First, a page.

Russia's ambassador to Nato, Dmitry Rogozin, said there could be
no "consultations" with Georgia until Georgian forces returned to
their positions and re-established "the status quo".
Accounts differ over who controls South Ossetia's capital, with
Moscow saying it has "liberated" Tskhinvali.
In another development, separatists in Abkhazia - Georgia's other
breakaway region - said they had launched air and artillery strikes
on Georgian forces in the Kodori Gorge.
The crisis began spiralling when Georgian forces launched a
surprise attack on Thursday night to regain control of South
Ossetia, which has had de facto independence since the end of a
civil war in 1992.
The move followed days of exchanges of heavy fire with the
In response to the Georgian crackdown, Moscow sent armoured units
across the border into South Ossetia.
The BBC's Richard Galpin in Gori heard loud explosions and saw
large plumes of smoke rising into the sky; soldiers and civilians
were seen running through the streets.
Injured civilians were being pulled from the buildings, which
were on fire.
The Georgian foreign ministry said the Black Sea port of Poti,
the site of a major oil shipment facility, had been "devastated" by
a Russian air raid.
Meanwhile Georgian TV reported that the Georgian-controlled
section of the Kodori Gorge in Abkhazia was under fire, blaming the
bombardment on Russian forces.
The foreign minister in Abkhazia's self-declared government,
Sergei Shamba, said Abkhaz forces had launched an attack aimed at
driving Georgian forces out of the gorge.
It was not clear whether planes used in the attack on the gorge
belonged to Russia or to the Abkhaz separatists.
Russia has a peacekeeping force in Abkhazia under an agreement
made following civil wars in the 1990s, when the region declared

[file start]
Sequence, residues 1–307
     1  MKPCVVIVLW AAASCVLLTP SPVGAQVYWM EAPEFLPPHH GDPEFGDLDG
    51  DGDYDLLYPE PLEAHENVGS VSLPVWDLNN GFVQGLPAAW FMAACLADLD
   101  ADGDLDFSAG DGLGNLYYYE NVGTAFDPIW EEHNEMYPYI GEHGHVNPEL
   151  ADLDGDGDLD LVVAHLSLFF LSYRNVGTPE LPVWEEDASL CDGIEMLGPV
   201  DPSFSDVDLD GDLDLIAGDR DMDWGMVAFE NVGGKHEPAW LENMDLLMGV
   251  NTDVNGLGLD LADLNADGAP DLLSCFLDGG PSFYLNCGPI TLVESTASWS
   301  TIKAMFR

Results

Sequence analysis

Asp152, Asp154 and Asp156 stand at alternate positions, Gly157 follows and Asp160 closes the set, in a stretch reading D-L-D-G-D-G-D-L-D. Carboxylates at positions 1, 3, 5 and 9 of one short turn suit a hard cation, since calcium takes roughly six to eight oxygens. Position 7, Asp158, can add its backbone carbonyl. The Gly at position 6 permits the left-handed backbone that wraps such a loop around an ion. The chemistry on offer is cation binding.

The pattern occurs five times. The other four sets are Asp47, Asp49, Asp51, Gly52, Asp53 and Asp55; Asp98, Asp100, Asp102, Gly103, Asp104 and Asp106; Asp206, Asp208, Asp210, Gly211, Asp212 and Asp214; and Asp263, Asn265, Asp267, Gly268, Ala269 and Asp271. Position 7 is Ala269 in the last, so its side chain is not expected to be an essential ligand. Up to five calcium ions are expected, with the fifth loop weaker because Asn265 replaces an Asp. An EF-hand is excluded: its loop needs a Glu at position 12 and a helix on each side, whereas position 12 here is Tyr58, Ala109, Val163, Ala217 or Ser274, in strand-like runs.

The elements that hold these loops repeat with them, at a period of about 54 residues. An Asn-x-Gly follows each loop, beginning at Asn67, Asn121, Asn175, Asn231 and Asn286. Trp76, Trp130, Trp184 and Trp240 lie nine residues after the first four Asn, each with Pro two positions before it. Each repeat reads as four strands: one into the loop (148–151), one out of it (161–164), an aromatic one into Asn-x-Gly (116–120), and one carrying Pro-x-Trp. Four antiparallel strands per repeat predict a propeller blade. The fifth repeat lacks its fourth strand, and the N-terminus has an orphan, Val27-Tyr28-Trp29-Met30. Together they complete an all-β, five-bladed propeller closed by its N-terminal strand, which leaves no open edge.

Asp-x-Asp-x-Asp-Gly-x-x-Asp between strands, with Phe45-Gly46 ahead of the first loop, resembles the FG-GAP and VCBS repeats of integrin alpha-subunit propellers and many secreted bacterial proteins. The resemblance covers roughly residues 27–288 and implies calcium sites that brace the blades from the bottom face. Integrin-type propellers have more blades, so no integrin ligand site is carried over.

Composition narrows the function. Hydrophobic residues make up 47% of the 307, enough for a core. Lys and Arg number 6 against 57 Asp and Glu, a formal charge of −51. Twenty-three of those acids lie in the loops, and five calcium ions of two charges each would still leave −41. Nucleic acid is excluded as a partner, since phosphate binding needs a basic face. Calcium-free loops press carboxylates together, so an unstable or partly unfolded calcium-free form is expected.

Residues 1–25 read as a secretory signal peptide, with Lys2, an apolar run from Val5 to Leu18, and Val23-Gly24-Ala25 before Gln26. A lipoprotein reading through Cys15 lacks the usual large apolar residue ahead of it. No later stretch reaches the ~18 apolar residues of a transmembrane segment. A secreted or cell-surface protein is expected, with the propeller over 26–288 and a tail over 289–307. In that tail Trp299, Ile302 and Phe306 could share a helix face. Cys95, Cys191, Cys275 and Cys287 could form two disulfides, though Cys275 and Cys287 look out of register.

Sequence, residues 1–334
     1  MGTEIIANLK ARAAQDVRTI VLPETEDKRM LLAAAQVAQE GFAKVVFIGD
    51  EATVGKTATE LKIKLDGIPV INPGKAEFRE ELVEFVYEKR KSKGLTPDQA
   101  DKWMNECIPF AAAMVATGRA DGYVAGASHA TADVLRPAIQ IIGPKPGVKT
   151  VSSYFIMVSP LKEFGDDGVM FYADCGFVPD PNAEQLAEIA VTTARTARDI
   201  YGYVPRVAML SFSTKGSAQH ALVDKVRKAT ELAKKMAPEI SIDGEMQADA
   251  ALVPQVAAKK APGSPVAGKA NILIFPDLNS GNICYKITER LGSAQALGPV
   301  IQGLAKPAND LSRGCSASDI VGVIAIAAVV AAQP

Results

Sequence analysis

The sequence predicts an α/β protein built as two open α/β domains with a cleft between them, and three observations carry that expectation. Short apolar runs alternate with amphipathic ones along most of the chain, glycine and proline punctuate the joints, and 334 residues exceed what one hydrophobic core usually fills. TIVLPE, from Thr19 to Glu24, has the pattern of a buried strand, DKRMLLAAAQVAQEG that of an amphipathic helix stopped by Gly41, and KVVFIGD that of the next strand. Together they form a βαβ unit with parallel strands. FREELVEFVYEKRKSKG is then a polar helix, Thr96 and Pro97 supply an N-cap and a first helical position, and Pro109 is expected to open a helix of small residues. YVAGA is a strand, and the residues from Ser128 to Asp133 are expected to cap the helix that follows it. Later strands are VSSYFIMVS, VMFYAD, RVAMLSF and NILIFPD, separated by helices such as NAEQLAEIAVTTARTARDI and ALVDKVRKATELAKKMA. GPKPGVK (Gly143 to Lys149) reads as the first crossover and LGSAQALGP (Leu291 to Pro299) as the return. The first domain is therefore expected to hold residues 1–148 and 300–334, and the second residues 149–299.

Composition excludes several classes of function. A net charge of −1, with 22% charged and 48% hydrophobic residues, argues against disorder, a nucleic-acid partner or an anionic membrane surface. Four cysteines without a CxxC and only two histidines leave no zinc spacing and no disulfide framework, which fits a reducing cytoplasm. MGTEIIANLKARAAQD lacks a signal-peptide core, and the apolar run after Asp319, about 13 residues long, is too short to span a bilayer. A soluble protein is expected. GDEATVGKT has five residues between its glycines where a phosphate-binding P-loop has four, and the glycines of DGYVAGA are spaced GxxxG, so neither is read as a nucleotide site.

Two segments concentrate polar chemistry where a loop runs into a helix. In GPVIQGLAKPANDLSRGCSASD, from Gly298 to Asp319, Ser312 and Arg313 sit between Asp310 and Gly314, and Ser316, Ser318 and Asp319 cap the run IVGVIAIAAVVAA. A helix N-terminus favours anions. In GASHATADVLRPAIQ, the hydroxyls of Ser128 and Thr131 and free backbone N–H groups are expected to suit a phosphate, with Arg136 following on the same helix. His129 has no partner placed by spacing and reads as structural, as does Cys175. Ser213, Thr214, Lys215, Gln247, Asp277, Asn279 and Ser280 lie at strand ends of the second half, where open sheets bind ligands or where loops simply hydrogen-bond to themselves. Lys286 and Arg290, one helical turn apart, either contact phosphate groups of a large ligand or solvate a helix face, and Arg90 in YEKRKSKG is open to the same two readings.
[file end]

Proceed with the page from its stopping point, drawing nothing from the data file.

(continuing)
independence and formed links with Moscow.
President Medvedev said Russia's military aim in South Ossetia
was to force the Georgians to stop fighting.
Russian minister defends action
"Our peacekeepers and the units attached to them are currently
carrying out an operation to force the Georgian side to [agree to]
peace," he said.
"They also bear the responsibility for protecting the
Speaking to the BBC, the Russian foreign minister insisted his
country did not want all-out war with Georgia, but was prepared to
do whatever was necessary to restore the situation in South Ossetia
and to defend its civilian population, most of whom have been given
"Mr Saakashvili keeps saying that we want to chop off a part of
Georgian territory," Mr Lavrov said.
SOUTH OSSETIA TIMELINE
1991-92 S Ossetia fights war to break
away from newly independent Georgia; Russia enforces
2004 Mikhail Saakashvili elected
Georgian president, promising to recover lost
2006 S Ossetians vote for independence
in unofficial referendum
April 2008 Russia steps up ties with
Abkhazia and South Ossetia
July 2008 Russia admits flying jets
over S Ossetia; Russia and Georgia accuse each other of
7 August 2008 After escalating
Georgian-Ossetian clashes, sides agree to ceasefire; however
Georgia launches a surprise attack
8 August 2008 Russia sends in columns
of armour and troops and fighting erupts with Georgian forces
in and around Tskhinvali
9 August 2008 Russian jets bomb central
Georgian town of Gori, Russia says its troops have "liberated"
"He's also saying that this is not just about Georgia, this is
about the future of Europe because he says Russia is also making
territorial claims to other [countries], including the Baltic
states, which is rubbish."
Mr Lavrov said Georgia had violated a peace deal under which
Georgia had agreed not to use force in the South Ossetian dispute.
The BBC's James Rodgers in Moscow says diplomatic initiatives to
end the fighting have so far proved fruitless.
On Friday evening, the UN Security Council failed to agree on the
wording of a statement calling for a ceasefire.
The UK, the US and France, are pinpointing what they say is
Russia's aggression as the key factor in the slide towards war,
while Moscow insists Georgia is to blame.
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